In a way, DevOps admins work as the therapist for a severed relationship between Dev and Ops. Bridging the divide between these two departments can, at times, feel like counseling an organization to communicate better. But doing so through integration and collaboration is a surefire way to make life easier for everyone involved. DevOps doesn’t force people to become who they’re not; instead, it promotes cooperation, tolerance and shared responsibilities between the teams.
Lack of Transparency
What many administrators also lack is a way to clearly understand, prioritize and utilize the data they have. From an agile practice perspective, that level of visibility should be established early on in a data reporting structure—project, initiative, etc.—and with the proper software solution. A solution that combines application release, environment, quality and deployment data across the portfolio to drive continuous improvement of software delivery.
Being able to utilize this data makes a world of difference for delivery teams to be able to quantify, correlate and predict outcomes to help solve problems and make better decisions. The most basic, yet beneficial, insight you can have when making these decisions for an organization is to have the transparency to know that what you are doing is working.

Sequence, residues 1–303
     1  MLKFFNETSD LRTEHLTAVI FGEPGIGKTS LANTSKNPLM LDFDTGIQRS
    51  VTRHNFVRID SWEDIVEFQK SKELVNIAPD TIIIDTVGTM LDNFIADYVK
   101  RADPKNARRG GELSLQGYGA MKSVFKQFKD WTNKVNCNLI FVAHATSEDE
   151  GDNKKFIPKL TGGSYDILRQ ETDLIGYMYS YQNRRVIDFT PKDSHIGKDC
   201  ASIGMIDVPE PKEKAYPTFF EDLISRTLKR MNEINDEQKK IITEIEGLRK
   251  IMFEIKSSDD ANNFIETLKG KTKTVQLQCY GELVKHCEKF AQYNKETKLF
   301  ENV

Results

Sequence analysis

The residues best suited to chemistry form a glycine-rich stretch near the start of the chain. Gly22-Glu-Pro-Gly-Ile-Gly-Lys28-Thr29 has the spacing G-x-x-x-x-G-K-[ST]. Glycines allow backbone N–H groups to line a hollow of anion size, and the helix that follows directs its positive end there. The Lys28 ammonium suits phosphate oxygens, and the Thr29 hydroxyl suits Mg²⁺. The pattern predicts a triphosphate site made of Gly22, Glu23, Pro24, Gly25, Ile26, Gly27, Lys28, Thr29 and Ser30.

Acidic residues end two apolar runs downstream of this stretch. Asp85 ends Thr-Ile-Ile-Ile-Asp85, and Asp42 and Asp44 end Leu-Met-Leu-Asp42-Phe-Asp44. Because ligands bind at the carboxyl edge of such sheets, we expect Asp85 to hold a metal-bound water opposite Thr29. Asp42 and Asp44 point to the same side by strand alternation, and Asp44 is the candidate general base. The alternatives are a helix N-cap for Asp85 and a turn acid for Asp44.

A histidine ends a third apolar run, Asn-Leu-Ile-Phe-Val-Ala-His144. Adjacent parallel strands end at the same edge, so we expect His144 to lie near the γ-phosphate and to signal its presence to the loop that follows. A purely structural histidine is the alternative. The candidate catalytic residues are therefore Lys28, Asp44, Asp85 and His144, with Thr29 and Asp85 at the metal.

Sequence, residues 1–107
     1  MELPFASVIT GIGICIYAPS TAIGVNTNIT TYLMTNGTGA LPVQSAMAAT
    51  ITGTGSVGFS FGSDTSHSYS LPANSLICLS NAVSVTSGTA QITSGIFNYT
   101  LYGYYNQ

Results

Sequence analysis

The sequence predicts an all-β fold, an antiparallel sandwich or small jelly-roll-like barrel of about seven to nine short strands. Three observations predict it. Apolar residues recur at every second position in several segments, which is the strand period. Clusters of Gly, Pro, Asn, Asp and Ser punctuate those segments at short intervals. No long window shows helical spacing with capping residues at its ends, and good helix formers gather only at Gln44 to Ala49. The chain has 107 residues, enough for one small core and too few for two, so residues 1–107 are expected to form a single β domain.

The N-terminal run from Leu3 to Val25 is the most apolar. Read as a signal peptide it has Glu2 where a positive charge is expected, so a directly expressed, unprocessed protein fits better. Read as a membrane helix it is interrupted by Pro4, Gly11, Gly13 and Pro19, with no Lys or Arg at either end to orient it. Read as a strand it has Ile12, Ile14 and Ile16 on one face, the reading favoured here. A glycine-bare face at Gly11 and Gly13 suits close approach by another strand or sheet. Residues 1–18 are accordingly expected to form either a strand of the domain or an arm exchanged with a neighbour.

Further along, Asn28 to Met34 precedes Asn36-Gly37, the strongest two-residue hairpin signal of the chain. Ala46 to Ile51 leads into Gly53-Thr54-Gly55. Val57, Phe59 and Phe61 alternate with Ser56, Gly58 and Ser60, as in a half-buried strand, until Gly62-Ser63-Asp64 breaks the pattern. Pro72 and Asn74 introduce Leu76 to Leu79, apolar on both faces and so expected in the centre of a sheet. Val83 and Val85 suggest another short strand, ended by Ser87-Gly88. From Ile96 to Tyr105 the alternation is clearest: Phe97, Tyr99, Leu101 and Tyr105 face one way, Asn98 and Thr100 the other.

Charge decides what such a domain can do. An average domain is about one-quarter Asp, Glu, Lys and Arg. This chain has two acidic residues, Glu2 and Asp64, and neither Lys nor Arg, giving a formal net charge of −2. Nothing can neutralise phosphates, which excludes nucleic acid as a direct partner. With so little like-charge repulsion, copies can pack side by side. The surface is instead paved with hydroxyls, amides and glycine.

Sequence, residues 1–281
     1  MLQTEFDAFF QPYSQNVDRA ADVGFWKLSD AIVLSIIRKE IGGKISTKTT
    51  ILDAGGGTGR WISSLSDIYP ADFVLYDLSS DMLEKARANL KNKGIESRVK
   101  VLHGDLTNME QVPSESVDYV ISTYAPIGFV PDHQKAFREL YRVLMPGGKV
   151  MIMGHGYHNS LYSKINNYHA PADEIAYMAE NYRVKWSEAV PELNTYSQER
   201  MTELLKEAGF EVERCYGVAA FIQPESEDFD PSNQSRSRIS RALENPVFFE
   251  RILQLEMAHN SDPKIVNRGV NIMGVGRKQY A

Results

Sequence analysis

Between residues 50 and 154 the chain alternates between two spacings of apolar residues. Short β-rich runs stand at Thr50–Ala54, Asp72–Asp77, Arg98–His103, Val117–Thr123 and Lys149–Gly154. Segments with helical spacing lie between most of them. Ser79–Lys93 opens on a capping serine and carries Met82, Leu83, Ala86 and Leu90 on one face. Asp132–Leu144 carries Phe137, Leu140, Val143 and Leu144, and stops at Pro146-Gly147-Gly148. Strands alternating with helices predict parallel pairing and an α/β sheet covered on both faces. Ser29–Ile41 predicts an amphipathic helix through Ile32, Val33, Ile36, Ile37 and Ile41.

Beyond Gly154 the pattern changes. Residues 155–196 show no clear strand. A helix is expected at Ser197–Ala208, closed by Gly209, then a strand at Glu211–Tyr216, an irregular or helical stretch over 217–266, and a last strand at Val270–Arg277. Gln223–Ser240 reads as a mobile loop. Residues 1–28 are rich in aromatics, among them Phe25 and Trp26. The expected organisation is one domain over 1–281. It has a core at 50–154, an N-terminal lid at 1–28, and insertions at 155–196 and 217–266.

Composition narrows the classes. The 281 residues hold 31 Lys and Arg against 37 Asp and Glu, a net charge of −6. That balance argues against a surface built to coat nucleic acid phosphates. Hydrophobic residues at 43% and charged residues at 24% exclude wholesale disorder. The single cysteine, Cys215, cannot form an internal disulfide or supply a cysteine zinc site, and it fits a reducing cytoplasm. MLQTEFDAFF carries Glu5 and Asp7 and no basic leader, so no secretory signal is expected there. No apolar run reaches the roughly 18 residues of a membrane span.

Creating a Culture vs. Working in Silos
Application release delays costing hundreds of millions of dollars can be caused by poor management of complex enterprise software releases. A big part of the issue is that the very nature of agile and DevOps is to work in smaller teams, which can naturally create silos. For a given release, there can be many teams and, in some cases such as test environments, teams from different projects can collide due to lack of oversight. This complexity presents significant management problems and, without insights across the entire process, release trains are bound to crash.
A culture of working in small teams on a single release lends itself to working in silos, and that isolationism often conspires against organizationwide success. This construct needs to be broken, as it produces an additional level of complexity and unification that will be a key point of emphasis for organizations in their road to digital transformation success.
This unification will be especially important in large organizations that see frequent changes to their software release cycles, sometimes daily. It is imperative for these organizations to avoid silos and favor better communication with pronounced team roles, especially with the added confusion that the rapidly evolving delivery cycle can bring.
Creating a cohesive and harmonious DevOps culture will benefit everyone in an organization in the long run. To be successful at this, though, it’s imperative that DevOps admins are given the rein to institute the change that they see fit. Admins must educate themselves on the latest technology, learn how to use and monitor it and bring in the rest of the teams so everyone can work together. But the burdens they are up against need to be dealt with on an organizational level from the top down, creating the ultimate DevOps working environment for all.